Congratulations to each student who read while off track. And a HUGE round of applause for the 15 students who read 31 or more Newsela articles during our 31 days off! I am so proud of you for your efforts.
I hope you’ve all had a great off-track time. As advertised on our track off day, I’ll offer a “Genius Day” to any student who reads 31 articles during our 31 day, off-track period. I’m posting an image with the tally so far. There is exactly one week left to meet this challenge.
Students who read 31 articles and quiz on them will receive one full school day to work on a project of their choosing. These are all the students who are in the double-digits. It’s not too late to make the goal. Keep reading! 🙂
Spelling: Spelling test tomorrow. Do the best you can with your Spelling City work. I’m still working out a few bugs with early submissions and resetting work. Not every activity will be compatible with a tablet or phone. Sorry, but that is beyond my control. If you are getting error messages saying an activity won’t load, let me know?
Reading: Read Arctic walrus go where the ice is, meaning fewer for Alaskans to hunt. Try the 820 Lexile first. This is a 6th grade Lexile. If it’s too challenging, drop down a level to 690 Lexile which is 4th grade.
Annotate text ONLY for What information/ideas are presented at the beginning of the text? and What words or phrases stand out to me as I read?
Highlight text yellow. Annotate (write notes) in margin clarifying why you selected that text as significant (important).
Did you forget your guidelines? Here is a copy below. Need to print out a copy? Click HERE for the link to print your own copy. No excuses. READ. THINK. ANNOTATE. 🙂
Close reading is a term used when a student reads a text multiple times for different features each time.
We’re using Newsela as a nonfiction source of text that’s available at different Lexiles (text complexity levels). I assign Newsela articles and recommend a Lexile for students.
We are using the Odell Education Close Reading Guidelines to focus students’ reading.
We’ve been annotating text looking for ideas that stood out during a first read and words or phrases that stood out. As we annotate, we underline or highlight text and then make a note in the margin why the text seemed significant. We discuss these and make sense of any confusion we have.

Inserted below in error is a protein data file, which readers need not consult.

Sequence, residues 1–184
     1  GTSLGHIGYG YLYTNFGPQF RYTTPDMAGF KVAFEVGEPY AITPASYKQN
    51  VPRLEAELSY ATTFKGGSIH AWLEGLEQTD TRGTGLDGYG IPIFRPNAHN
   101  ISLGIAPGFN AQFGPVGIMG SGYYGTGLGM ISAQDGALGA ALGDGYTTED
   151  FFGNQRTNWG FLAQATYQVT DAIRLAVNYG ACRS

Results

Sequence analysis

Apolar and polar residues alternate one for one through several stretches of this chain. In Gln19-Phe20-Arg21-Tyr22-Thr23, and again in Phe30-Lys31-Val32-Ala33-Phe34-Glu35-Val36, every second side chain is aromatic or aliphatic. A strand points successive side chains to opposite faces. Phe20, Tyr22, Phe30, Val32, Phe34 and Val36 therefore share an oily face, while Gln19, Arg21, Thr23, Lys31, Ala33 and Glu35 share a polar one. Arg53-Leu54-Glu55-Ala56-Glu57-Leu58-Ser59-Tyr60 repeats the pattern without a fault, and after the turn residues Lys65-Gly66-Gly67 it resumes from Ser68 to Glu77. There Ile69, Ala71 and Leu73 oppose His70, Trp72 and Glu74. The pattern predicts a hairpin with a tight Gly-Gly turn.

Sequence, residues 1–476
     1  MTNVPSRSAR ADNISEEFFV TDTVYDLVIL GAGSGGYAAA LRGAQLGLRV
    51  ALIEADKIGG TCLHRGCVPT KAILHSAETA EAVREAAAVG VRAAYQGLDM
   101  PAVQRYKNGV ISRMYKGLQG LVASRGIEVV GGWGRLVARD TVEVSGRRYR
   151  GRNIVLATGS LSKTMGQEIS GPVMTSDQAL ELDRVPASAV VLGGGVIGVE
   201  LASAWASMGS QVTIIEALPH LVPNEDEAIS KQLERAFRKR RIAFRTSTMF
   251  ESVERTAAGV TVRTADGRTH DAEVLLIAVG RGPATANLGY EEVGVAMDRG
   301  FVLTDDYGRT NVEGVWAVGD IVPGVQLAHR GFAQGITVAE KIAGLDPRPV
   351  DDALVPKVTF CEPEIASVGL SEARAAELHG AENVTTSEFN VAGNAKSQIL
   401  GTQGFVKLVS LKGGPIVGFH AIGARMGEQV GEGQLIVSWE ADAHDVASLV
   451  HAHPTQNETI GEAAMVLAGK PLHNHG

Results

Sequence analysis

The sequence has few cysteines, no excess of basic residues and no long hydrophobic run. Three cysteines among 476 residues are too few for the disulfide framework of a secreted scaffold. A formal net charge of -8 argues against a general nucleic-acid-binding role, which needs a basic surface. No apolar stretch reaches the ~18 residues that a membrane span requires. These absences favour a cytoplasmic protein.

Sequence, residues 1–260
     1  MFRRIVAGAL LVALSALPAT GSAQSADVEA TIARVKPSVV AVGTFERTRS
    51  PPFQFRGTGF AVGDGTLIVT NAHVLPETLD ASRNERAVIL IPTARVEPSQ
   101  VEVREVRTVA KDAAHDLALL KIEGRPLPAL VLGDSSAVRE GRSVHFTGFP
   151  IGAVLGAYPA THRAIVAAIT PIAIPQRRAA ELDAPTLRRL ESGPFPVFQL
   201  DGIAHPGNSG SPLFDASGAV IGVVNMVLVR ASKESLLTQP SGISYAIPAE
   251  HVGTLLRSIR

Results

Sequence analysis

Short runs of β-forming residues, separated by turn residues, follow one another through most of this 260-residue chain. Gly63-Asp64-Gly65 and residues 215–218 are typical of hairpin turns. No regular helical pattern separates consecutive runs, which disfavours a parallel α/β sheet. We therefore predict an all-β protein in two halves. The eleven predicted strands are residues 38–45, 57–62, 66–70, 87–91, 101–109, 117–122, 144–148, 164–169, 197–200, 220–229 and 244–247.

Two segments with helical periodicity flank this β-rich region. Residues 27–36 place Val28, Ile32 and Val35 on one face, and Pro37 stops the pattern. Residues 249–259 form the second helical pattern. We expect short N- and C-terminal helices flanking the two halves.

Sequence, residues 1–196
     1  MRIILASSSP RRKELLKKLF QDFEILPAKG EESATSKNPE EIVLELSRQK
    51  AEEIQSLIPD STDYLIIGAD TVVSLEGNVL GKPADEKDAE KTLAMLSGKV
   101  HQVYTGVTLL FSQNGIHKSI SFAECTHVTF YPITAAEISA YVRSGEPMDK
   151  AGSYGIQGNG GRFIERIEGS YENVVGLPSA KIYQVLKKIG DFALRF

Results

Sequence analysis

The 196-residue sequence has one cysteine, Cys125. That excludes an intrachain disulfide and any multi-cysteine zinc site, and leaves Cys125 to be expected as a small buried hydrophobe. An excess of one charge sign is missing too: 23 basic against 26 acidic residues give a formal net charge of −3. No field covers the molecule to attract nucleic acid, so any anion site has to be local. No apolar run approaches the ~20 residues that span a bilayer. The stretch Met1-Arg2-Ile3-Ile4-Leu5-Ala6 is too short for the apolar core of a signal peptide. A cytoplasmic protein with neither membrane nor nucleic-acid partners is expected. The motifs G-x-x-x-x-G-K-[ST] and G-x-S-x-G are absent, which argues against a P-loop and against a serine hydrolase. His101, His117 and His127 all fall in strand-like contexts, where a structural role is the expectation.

Your students have been doing this more and more the past week and will continue to do so over the next two years. 🙂
Here’s a pre-test and post-test snapshot. The lower class average score was before using the close reading guidelines. the higher class average score was after using and learning the guidelines.
Math: Finish SPB 1.7. We took the mid-chapter checkpoint and most of you did REALLY well! 🙂 Yay! For those who struggled, good news is this: we will always review, reteach, and learn from our mistakes. Always.
Reading: Read the Newsela article “Despite drought and bugs, “we’re farmers and we’ll continue to farm.” at the 740 Lexile to start. If it’s too hard, drop down to the next Lexile, read, then return to 740 and see if it’s easier to read.
Identify ONLY main ideas in the article by highlighting them green like we have been doing in class. IF…IF you want to move ahead and identify details, reasons, or facts in yellow do so.
Do NOT take the quiz. We will do that and the writing portion tomorrow.
Math: Finish Big Book 1.6 if not finished in class. Finish standards practice book, too.
Reading: IF…IF…you have reliable internet access. PLEASE read the Newsela article Miners want to explore ocean’s deep floor for precious rocks and minerals article at the 910 Lexile if you can. If it’s too challenging drop down to the 590 Lexile. DO NOT take the test yet. DO PLEASE read it carefully at least 2 times to get the gist of it.
~Taste Test Update~
We need a few more bottles of Dasani and Arrowhead water if you have them to share. We will structure blind taste test tomorrow and begin storyboarding the story we want to tell.
Ask your students about the QFT (Question Formulation Technique) we started today in class. We are working hard to learn protocols (structured thinking routines) in order to make our thinking visible. Want to know what the QFT should look like? Click the link above to see for yourself. 🙂
If you’d like to know more about the thinking moves we’re doing and why we’re doing it, you can Google search Ron Ritchart, Mark Church, or Karin Morrison, the authors of Making Thinking Visible: How to promote Engagement, Understanding, and Independence for all Learners. Or you can pick up the book from Amazon. (But they’ve written enough papers and blog posts online that you can get the gist of it from free looking around the web.)
Math: Finish Big Book (if not finished in class) and SPB (standards practice book) for lesson 1.4. Remember: exponents show repeated factors.
Reading: Read the Newsela article about a program that’s sending pencils half-way around the world! Click HERE to view the article. PLEASE read the note from me at the top of the article. You’ll want to decide which Lexile is best for you.